Keir Starmer’s U-turn on EU free movement: we need to understand why.
A few people have been complaining about Brexit in the past couple of weeks, from the fishermen who find that, although they can now catch loads more fish, they can’t sell it, to the people of Dover who are up in arms about a tract of greenbelt land being turned into a giant lorry park. Teething problems, perhaps?
Then, out of the blue, Keir Starmer announces a U-turn on his commitment to restore free movement of EU workers when a Labour government is returned to power. Given that in 2019 over a million people gathered in London to protest against the loss of rights such as this, it was surprising that Starmer’s comments provoked little reaction.
In response to this, Tees Valley Monitor (TVM), contacted local Labour MP’s asking for comment, and prepared an article. The gist of the article was that economic imbalance in this country over the past forty years has given rise to stagnation in the North East, and with it, depopulation. We are led to believe that the years of stagnation are over and it is therefore important to take account of the fact that economic growth and inward migration go hand in hand, so anything that stifles that migration is counter-productive from an economic point of view.
The article went out on Twitter and Facebook a few days later. The response? Subdued, very subdued, with occasional mild admonition. This was somewhat surprising given that TVM has a fairly loyal following of liberal/left sympathisers on both platforms. One of the few comments made was: “I think TVM should stick to reporting facts rather than political speculating.” Here was someone on the defensive. There seem, in fact, to be a lot of people on the defensive.
The two MP’s who responded to our request for comment, Andy McDonald and Alex Cunningham, made generic statements, and while I am grateful to them for their contribution, I can’t help but notice that neither referred directly to Starmer’s action. I then started to ask around, about where I might look for comment from Labour supporters about the U-turn. This largely drew a blank, except for one person who reported that, in private, some people are seething. In private, that’s important.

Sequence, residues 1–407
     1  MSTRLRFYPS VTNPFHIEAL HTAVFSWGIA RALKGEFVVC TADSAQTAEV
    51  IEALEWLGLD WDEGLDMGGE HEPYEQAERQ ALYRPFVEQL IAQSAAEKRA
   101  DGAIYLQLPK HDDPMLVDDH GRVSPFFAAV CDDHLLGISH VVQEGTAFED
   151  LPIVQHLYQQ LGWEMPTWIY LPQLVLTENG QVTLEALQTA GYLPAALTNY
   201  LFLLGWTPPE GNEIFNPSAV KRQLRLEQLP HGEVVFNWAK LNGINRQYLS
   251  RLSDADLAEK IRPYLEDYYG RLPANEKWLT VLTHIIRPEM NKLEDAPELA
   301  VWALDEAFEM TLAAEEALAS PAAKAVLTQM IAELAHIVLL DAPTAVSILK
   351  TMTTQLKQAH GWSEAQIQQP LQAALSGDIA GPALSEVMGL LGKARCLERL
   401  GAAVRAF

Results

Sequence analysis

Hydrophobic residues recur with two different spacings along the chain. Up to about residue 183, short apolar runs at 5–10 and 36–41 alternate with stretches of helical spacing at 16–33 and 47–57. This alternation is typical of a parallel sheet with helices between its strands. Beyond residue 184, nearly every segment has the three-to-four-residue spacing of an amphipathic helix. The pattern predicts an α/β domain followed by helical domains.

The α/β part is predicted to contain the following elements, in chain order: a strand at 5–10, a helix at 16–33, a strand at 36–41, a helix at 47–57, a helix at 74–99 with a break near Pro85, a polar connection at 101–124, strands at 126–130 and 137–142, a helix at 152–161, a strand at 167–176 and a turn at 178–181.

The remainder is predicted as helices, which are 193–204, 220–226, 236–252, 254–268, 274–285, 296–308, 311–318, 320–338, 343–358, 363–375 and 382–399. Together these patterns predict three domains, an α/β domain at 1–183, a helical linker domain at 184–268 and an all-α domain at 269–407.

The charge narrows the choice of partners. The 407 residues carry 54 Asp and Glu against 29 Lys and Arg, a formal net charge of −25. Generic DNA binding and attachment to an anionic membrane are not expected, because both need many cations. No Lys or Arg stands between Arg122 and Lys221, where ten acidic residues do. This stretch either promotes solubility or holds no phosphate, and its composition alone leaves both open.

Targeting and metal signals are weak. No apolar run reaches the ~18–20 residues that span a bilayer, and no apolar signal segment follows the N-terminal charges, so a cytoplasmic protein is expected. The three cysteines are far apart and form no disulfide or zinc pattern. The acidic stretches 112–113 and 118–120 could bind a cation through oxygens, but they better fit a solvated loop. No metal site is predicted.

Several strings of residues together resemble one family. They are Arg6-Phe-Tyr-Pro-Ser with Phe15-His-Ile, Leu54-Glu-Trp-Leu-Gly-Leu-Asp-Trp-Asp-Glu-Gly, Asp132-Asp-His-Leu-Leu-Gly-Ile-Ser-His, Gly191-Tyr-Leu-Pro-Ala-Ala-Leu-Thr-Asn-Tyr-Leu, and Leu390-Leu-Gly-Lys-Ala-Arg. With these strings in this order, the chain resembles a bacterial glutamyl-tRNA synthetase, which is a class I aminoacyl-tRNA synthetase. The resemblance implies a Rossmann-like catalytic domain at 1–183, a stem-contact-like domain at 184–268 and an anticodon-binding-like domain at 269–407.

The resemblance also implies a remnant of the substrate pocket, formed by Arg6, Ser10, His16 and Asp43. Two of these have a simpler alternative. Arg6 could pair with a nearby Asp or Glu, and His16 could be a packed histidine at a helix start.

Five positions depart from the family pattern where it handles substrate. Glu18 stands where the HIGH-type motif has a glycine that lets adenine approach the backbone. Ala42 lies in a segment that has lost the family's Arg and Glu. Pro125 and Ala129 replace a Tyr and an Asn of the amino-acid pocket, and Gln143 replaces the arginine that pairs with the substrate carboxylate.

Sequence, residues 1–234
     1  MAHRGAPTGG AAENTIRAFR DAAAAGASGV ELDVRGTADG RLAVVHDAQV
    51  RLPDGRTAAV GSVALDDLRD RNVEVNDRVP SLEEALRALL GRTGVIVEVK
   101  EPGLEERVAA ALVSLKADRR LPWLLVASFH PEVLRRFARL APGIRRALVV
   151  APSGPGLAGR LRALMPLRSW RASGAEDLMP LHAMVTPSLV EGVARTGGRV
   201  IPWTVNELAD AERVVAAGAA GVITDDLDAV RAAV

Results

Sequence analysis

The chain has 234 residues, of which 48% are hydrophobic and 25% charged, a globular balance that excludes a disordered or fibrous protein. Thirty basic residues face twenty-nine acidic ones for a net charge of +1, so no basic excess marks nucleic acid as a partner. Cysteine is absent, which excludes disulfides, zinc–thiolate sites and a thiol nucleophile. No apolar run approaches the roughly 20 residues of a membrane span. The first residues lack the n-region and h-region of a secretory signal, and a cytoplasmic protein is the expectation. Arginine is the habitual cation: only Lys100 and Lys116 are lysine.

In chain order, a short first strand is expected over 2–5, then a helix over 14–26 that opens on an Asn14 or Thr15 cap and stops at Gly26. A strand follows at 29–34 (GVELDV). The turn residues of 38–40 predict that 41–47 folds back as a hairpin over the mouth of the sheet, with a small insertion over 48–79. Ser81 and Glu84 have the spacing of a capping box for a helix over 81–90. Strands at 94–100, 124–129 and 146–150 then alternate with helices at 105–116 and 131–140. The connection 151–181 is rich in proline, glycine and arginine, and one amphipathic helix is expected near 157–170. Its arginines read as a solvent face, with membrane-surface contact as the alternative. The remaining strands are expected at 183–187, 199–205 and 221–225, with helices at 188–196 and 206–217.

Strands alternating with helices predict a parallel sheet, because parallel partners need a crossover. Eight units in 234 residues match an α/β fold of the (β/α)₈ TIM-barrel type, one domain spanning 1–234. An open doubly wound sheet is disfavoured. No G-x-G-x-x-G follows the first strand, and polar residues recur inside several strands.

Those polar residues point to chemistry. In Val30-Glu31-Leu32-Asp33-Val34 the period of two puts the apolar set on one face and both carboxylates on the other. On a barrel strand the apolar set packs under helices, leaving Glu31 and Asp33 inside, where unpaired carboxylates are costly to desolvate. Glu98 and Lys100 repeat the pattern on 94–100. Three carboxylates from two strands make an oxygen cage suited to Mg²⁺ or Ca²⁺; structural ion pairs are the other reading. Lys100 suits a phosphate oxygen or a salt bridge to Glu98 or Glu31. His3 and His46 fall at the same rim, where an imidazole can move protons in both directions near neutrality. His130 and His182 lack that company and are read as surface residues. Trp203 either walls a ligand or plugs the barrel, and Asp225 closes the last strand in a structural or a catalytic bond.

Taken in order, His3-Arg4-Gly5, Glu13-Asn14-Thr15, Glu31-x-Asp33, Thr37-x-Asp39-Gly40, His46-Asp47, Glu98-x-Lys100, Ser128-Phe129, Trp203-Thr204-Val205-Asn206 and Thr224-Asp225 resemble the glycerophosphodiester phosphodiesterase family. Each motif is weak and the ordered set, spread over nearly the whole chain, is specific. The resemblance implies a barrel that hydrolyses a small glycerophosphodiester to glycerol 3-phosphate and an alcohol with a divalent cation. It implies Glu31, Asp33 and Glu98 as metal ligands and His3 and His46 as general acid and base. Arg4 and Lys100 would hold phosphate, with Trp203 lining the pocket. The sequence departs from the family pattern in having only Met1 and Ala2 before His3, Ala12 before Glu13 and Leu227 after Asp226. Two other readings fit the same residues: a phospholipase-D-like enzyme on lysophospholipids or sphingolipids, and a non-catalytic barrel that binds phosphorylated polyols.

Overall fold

Then an article by former MEP Richard Corbett appeared in Labour List , in which he lists the reasons why Labour cannot just ignore Brexit.
Having been castigated once already this week for ‘political speculating’, I’m going to risk doing it again. It is that an uneasy truce has emerged within the party, that public bickering over a variety of issues has been suspended, to be replaced, however, by the gnashing of teeth behind closed doors. Tensions remain within the Labour Party. Corbett does not address a left-right divide, but the long list he gives of reasons why Brexit has to stay on the agenda, militates against adopting a pragmatic ‘it’s-done-now-so-we’ll-just-have-to-get-on-with-it’ approach.
The response to Starmer’s recent statements indicate that there has been some kind of trade-off, whereby the price of unity is the absence of discussion, and an acquiescence over Starmer’s apparent preference for pragmatism. In reality that is a dangerous strategy.
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Few would deny that Starmer has made massive strides in restoring effective parliamentary opposition. And effective opposition underpins good governance, even in the best of times. But, not to put too fine a point on it, these are not the best of times. If the government’s strategy for dealing with the pandemic has been lamentable, the reason for that may be because it has treated it as an irritating obstacle, to be put to one side as quickly as possible so that it can get on with its real agenda of implementing Brexit. The dismissal of Dominic Cummings in November should not blind us to the fact that the architects of the One True Brexit are still in charge; that the authors of Britannia Unchained are now in the cabinet; that Singapore Britain remains the goal. This is a government of extremists. And pragmatism, trying to look relaxed in public about Brexit, does not beat extremism.
Britain’s fishermen famously backed Brexit. As did 62% of the people of Dover. Both have now received their dividend, while we, in the North East, still await ours. This is not the time to sit quietly.
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